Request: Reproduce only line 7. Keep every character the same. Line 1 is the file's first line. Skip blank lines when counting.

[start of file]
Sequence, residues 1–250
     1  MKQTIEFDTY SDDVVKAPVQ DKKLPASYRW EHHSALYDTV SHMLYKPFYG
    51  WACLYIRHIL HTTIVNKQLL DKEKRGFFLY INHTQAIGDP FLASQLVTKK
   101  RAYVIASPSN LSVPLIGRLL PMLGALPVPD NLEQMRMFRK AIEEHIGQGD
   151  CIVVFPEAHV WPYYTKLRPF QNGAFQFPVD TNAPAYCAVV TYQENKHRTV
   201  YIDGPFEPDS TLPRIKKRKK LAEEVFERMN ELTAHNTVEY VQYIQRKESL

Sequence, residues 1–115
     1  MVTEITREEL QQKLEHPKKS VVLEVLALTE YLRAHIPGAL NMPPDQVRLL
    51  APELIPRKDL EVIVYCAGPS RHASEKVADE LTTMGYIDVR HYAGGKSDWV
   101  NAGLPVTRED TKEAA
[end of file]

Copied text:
Sequence, residues 1–115